In recent weeks, motivated partly by a looming war in Iraq, a debate has again begun about whether the United States should adopt military conscription to replace its all-volunteer force. While the motivation behind this debate is understandable, it would be a very bad idea—the equivalent of replacing the New York Yankees with a bunch of middle-aged weekend softball players in a sports event.
We do need to consider new ways to bring people into today’s armed forces, which increasingly involve only certain strata of the American population. But the draft is not the answer.
First, today’s U.S. military is outstanding, and one should be careful to fix things that aren’t broken. In fact, today’s U.S. military is the best in world history. Thirty years after conscription ended, it has completed the transition to a truly professional force. Most military personnel today are well-educated, experienced in their jobs, disciplined and highly motivated. A trove of data back up this claim; one particularly telling fact is that today’s soldier, sailor, airman/woman and marine has served an average of more than 5 years in the armed forces, the most ever. The U.S. has won its last two wars, Afghanistan and Kosovo, with a total of less than two dozen Americans killed in action, and the 1991 Persian Gulf War remains one of the great mismatches of military history.
Second, the excellence of the U.S. military is apparent in many types of missions. This is true not only in traditional combat, but in peacekeeping missions in the Balkans and in war-fighting missions like Afghanistan that required remarkable coordination with local allies. Today’s American troops are excellent warriors; they are also excellent diplomats, trainers and, yes, nation builders.
Third, there is no recruiting or retention crisis. There were numerous shortfalls a few years ago, when the economy was so strong and military compensation had atrophied a bit. In particular, the services often missed their recruiting goals by 1 or 2 percent a year in the late 1990s. But recent generous pay raises, better recruiting advertisements and other factors have essentially solved the problem. There are still specific shortfalls in certain technical areas, but they should be resolvable through standard management tools such as targeted pay increases.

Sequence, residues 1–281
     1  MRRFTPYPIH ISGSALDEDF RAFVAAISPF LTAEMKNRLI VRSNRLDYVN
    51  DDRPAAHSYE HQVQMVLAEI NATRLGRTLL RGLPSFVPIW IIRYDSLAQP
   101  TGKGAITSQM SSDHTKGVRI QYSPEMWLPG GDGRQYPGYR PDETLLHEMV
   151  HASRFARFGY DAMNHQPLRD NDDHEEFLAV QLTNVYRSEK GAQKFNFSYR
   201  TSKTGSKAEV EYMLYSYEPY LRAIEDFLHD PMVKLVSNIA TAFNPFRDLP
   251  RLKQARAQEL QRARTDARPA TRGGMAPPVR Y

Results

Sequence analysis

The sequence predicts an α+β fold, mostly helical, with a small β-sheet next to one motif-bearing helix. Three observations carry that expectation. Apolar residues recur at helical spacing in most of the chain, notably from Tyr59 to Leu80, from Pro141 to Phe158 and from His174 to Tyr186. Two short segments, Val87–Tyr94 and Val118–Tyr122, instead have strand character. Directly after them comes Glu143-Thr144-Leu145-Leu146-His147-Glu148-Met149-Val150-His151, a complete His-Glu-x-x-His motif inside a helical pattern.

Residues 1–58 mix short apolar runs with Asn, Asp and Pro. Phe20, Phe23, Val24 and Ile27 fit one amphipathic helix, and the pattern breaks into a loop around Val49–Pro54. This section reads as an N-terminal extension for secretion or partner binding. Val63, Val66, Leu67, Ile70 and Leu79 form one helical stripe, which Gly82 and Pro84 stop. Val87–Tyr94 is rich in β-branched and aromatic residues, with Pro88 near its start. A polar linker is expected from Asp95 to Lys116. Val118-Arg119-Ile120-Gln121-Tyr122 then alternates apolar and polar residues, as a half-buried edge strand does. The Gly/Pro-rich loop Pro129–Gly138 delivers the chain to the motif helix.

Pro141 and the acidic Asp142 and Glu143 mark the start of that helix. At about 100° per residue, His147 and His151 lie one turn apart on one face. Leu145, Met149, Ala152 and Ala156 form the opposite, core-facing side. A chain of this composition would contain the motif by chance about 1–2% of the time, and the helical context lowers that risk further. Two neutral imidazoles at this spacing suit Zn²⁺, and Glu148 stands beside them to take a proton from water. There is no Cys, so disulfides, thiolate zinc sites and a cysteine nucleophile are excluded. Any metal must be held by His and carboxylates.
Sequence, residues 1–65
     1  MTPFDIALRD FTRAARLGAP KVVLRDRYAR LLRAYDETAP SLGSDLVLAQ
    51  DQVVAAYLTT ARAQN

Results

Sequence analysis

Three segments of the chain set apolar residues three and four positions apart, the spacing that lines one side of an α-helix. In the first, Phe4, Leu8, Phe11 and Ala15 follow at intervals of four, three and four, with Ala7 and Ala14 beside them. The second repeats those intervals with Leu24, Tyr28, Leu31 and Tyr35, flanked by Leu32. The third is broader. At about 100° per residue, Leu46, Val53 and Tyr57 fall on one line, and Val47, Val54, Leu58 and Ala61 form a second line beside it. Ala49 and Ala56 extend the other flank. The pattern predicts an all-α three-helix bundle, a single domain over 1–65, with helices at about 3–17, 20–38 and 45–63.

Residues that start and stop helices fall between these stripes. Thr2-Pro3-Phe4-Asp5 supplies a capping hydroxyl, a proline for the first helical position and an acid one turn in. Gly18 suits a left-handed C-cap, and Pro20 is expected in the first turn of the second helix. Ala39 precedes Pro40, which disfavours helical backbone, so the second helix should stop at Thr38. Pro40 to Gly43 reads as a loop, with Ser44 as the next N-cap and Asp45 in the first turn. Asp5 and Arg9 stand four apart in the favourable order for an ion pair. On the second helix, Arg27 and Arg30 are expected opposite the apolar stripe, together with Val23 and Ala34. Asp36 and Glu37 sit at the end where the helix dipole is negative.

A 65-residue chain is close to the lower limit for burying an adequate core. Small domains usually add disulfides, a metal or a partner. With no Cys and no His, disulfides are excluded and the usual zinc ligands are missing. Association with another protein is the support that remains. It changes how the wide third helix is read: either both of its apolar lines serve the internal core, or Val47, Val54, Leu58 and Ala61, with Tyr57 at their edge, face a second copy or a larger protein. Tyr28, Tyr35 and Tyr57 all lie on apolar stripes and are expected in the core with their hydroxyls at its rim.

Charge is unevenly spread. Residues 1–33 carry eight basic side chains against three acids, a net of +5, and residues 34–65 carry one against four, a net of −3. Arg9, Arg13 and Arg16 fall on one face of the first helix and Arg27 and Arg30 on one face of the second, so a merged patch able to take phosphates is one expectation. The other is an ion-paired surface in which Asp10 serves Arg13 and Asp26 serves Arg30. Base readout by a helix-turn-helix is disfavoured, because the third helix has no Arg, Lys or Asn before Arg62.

Fourth, there is not an excessive representation of minorities in today’s armed forces. Yes, African Americans make up a larger share of the Army than of the population as a whole, for example. But the U.S. military is one of the best integrated and most equitable institutions in the country. The country’s top officers have recently included an African American, a Polish American and a Japanese American. As a recent excellent article in USA Today showed, minorities do not make up a disproportionate share of frontline combat forces either. If anything, it is the rural white man, not the minority individual, who holds that latter job.
Fifth, the U.S. military provides good opportunities and good training for minorities and for disadvantaged members of society. We should not take that opportunity away from those who really want it in an effort to somehow make the armed forces more diverse. The recruiting ads don’t lie—the military is a fantastic place to learn computer skills, electronic skills, mechanics and other technical skills, as well as leadership and teamwork.
Sixth, it is not true that having a professional military, supposedly divorced culturally and geographically from much of society, has made the U.S. too quick to reach for the trigger. In fact, the problem just a few years ago seemed to be that we were too casualty-averse for our own good.
Whether one agrees with President George W. Bush’s decision to risk war in Iraq or not, there are understandable reasons for his policy, it has been developed patiently, and it is likely to be the only major war of his presidency.
Adopting the draft would risk returning us to the days of the so-called “hollow Army” in the 1970s, when discipline problems were rife, morale low and military performance less than optimal. Even if such dire results did not ensue, returning to the draft would go against the grain of virtually all major countries of the North Atlantic Treaty Organization, who have recognized in recent years that the draft does not produce a top-caliber force. They are right to follow our lead on this matter; we would be wrong to reverse course.
It does make sense to offer a shorter tour of duty for certain types of jobs in today’s military; that might appeal to young Americans who want to serve their country without making the armed forces a career. But such tours should not be used to fill the country’s most critical and most demanding combat positions. The Yankees are the right team for the World Series, and professionals are the right people for the extremely demanding jobs asked of today’s U.S. armed forces.